We’ll see if there are solutions to the “no excuses” problem going forward.

Best Practice Exhaustion

Broken Windows

In the book Pragmatic Programmer the author outlines the theory of Broken Windows in regards to coding. Jeff Atwood has a nice article about the theory here.

Broken Window Theory: There was a study done that showed that when a building suffered a broken window, other windows were quickly broken and the building fell into disrepair. The theory is that if you leave something in a broken state – or neglect a flaw – the system as a whole will quickly degrade. The Pragmatic Programmer book argues the same thing happens with code.

Broken windows in regards to code look like the following:

1. Comments that have become wrong/incorrect.
2. Conventions being broken – for example inconsistent names for objects.
3. Lazy implementations that could easily be improved upon.
4. Unorganized code and data structures.

The idea is that as you work with a codebase, if you see some of the things above, you are likely to believe no one cares for the code anymore. There are broken windows all over, so why try hard to write good code? Why try to refactor existing systems and classes? Why do extensive testing?

Lately I’ve found myself falling into this mindset when working with legacy code. At the end of this article I’ve listed a few broken windows I’ve found in the past few months. At a low level in my brain I find myself making excuses for taking shortcuts with my code. There are so many broken windows, so why not skip testing everything I touched?

My resolution is that even though I might be working with legacy code, I need to uphold the same standards I would have for new code.


Some examples:

1. A comment in code:

// UN-COMMON THIS LINE WHEN READY TO ROLL

2. A comment in a stored procedure in the database:

// COMMENTS: What is IndividualDates all about ? 

3. We need to be using source control:

// DISABLE CACHING FOR NOW 9/26/06
// Check cache to see if cache exists

4. Justin needs to test:

//Added true so the menu is always fresh
//You can remove....but justin wants to test the menu

5. Updating!

            if (e.CommandName == "Up")
            {
                if (indx > 0)
                {
                    newCat = lCats[indx - 1];
                    upDateDB = true;
                }
            }
            else
            {
                if (indx < lCats.Count - 1)
                {
                    newCat = lCats[indx + 1];
                    upDateDB = true;
                }
            }

6. Good luck reading that for loop.

            for (int i=0;i<lCats.Count;i++)
                if (lCats[i].MenuCategoryID == mCatID)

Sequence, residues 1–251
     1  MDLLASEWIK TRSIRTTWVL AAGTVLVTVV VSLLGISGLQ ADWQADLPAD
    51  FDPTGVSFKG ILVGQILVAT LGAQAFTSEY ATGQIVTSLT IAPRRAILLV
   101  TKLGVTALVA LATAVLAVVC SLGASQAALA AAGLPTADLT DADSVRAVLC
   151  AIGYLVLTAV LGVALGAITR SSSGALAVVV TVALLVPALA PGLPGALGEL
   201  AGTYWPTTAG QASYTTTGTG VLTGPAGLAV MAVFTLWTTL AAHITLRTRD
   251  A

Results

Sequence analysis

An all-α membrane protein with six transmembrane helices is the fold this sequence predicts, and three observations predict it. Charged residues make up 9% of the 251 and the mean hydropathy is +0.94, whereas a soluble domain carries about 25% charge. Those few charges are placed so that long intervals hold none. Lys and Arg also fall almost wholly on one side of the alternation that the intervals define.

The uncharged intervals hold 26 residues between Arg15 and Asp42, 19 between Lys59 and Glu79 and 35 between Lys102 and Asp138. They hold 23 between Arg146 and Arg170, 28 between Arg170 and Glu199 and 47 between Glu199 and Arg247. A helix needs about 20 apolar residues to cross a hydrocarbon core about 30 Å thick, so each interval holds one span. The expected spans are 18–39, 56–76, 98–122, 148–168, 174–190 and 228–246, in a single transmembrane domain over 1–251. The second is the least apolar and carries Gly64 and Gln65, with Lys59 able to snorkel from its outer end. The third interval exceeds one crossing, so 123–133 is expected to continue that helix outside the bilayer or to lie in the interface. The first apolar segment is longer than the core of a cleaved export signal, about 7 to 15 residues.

{
                    indx = i;
                    oldCat = lCats[i];
                }

7. Long, long, long. Found a 700 line function to initialize a web forms .aspx page. 850 lines total in the class, so about 82% of the code in this class is dedicated to one method!

Broken Windows

Stubbornness with Tools

For my entire computing life I’ve been slow to adopt new tools. I always end up learning a program or tool and then stick with it no matter what.

Some quick examples:

Purpose Old/Comfortable Huge Advance
Writing Java vim Eclipse (even though I generally hate Eclipse)
Operating System DOS Windows 95
Html/Javascript Notepad Notepad++
Javascript Pure Javascript jQuery
Prototyping Temp .NET Projects LinqPad

The latest entry is using LinqPad to do quick C# prototyping. In the past if I wanted to test an algorithm or some simple function, I would create a new project, call it “Sandbox” and start coding. It would take several minutes to make the console project, make a bunch of static methods and then test. Then I’d have to open a CLI prompt and run it. Bleh.

With LinqPad I can start just banging out C# and run it without all the extra “stuff”. Awesome.

I heard about LinqPad years ago, but refused to look into it. Like all the other entries in my list above, it really comes down to pride.

Deep down in my brain there is this thought, “You’ve wasted a ton of time by not using XYZ tool!” It’s hard to admit that for years I wrote raw Javascript to accomplish tasks that jQuery could have done far better. It’s also hard to admit that I would notice other developers using Notepad++ and thought, “Ha! So weak. Notepad++. I don’t need that.” Now I can’t imagine being without it!

The lesson for me is to be quicker to adjust to new tools that can make me more productive.

Stubbornness with Tools